This book helps veterans and their families understand how the trauma associated with war can cause problems with self-esteem, communication, sexuality, and parenting.
By Aphrodite Matsakis
This book helps veterans and their families understand how the trauma associated with war can cause problems with self-esteem, communication, sexuality, and parenting. But, more important, it shows them what they can do to improve their lives. The book also helps veteran families recognize their strengths and appreciate the ways a veteran’s combat experiences can enrich family relationships.
To write about the combat veteran is to write about fortitude, dedication and selflessness, and about experiences unfathomable to those who have never known the indescribable horrors of war. To write about you – the veteran’s spouse or partner – is to write about another kind of loyalty and perseverance and yet another kind of pain and sadness.
The trauma of war can affect not only the warriors, but their partners and children as well. Often it is you, the veteran’s partner, who helps sustain the veteran during his or her depressions, anxiety attacks, and post-traumatic reactions. It may also be you, and perhaps you alone, who has sustained your veteran’s will to live during his or her most anguished moments. Unfortunately, some veterans vent their anger (at themselves or at others whom they felt betrayed them) on the people they love and who love them the most—their partners and children.
The purpose of this book is to help you (and your veteran) better understand combat trauma and its possible effects on intimate relationships and family life and to guide you to resources that can help strengthen every member of your family. The beginning chapters provide basic information about combat trauma and how it can lead to depression, post-traumatic stress disorder, and other forms of emotional pain. The remaining chapters focus on some of the most common problems confronting families of combat veterans: emotional numbing, sexual difficulties, anger, and guilt.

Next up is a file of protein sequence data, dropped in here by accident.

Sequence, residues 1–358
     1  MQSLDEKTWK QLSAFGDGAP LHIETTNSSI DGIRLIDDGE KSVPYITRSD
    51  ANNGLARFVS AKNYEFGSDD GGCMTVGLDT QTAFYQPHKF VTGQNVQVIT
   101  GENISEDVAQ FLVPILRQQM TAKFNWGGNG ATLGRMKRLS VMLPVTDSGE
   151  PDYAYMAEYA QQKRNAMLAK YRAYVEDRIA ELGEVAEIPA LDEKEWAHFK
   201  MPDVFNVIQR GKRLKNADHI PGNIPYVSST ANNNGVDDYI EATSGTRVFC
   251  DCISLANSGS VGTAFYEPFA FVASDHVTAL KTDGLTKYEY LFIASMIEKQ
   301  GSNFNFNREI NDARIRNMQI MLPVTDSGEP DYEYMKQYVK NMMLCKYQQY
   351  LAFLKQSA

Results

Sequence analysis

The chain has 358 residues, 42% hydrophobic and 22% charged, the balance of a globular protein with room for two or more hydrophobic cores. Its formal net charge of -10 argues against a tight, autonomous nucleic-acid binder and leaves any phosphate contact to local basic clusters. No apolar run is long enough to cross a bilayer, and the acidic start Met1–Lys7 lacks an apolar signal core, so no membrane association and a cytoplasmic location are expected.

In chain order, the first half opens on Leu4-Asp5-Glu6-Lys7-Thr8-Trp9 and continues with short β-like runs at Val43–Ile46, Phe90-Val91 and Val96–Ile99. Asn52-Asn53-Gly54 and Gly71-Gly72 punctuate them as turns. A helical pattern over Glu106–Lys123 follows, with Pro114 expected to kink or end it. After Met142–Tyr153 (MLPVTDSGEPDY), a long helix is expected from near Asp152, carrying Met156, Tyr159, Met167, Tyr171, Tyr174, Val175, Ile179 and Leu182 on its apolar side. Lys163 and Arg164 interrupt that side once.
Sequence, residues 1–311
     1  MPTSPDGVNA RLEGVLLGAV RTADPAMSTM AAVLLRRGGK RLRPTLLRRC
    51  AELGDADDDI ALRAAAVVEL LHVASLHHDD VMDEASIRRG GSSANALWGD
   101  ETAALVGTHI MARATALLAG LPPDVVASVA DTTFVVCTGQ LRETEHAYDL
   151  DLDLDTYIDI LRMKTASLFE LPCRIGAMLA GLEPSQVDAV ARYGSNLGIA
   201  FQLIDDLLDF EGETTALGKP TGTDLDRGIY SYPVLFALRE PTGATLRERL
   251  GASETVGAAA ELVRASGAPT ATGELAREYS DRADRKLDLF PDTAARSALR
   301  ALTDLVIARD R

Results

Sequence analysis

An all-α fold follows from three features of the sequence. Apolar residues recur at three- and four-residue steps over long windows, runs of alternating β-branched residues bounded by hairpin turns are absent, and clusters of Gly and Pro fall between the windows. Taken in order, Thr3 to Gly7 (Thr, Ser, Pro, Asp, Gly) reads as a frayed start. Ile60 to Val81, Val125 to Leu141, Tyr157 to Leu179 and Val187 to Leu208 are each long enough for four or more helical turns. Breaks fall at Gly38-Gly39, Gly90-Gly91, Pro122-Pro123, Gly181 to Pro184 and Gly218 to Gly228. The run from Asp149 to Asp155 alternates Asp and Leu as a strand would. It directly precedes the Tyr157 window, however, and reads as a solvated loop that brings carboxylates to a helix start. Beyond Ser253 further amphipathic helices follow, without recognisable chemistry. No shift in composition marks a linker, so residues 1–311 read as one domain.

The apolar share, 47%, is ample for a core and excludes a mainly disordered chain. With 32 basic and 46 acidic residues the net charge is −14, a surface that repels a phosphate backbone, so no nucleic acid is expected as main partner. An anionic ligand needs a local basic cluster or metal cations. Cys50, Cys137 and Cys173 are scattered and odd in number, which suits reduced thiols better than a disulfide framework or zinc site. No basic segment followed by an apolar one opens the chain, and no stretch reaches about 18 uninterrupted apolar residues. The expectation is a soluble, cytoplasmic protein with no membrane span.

There are also chapters on family violence, children, women veterans, and military couples and sections on how to cope with anger and depression, how to find helpful organizations and books, and how to communicate effectively on difficult issues.
In addition to describing the tensions that can result from combat trauma, this book emphasizes the many ways a veteran’s war experiences can help enrich individual family members and the family as a whole. Just as one part of your family cannot suffer without that suffering affecting the entire unit, if your veteran has grown emotionally (or spiritually) as the result of combat, his or her growth can influence and inspire you and other family members. Keep in mind that the turmoil you and your veteran are experiencing can lay the foundation for more meaningful relationships and for an improved outlook on life.
This book is based on the available research on the impact of combat trauma on family life and on some thirty years of clinical experience with veterans (male and female) and their partners and children.
1. What Is Combat Trauma?
2. Common Traumatic Reactions
Post-traumatic Stress and other Anxiety Disorders
3. Questions and Answers about Combat Trauma
How many veterans really suffer from symptoms of combat trauma?
What effect can combat experience have on symptoms of combat trauma?
What effect can the atmosphere at home have on veterans?
How might war affect veterans spiritually and morally?
Why are some veterans more affected by combat than others?
How can war affect veterans physically?
How can war affect veterans’ ways of thinking?
What are some of the positive benefits of combat duty?
4. Emotional Distancing
5. Combat Stress and Sex
6. Anger, Grief, and Guilt
7. The Reality of Multiple Roles
8. Battered Women
9. Women Veterans
Military-related gender harassment
Sexual and physical assault
10. Military Couples
11. Combat Stress and Children
12. Suicide and the Veteran Family
13. “I Believe in Love”—The Hope of Therapy
A. Coping with Anger and Depression
B. Help in Selecting a Therapist or Therapy Program
C. Resources and Suggested Readings
D. Couples Counseling
E. Guidelines for Effective Communication
F. Some Do’s and Dont’s for Significant Others
Number of Pages:488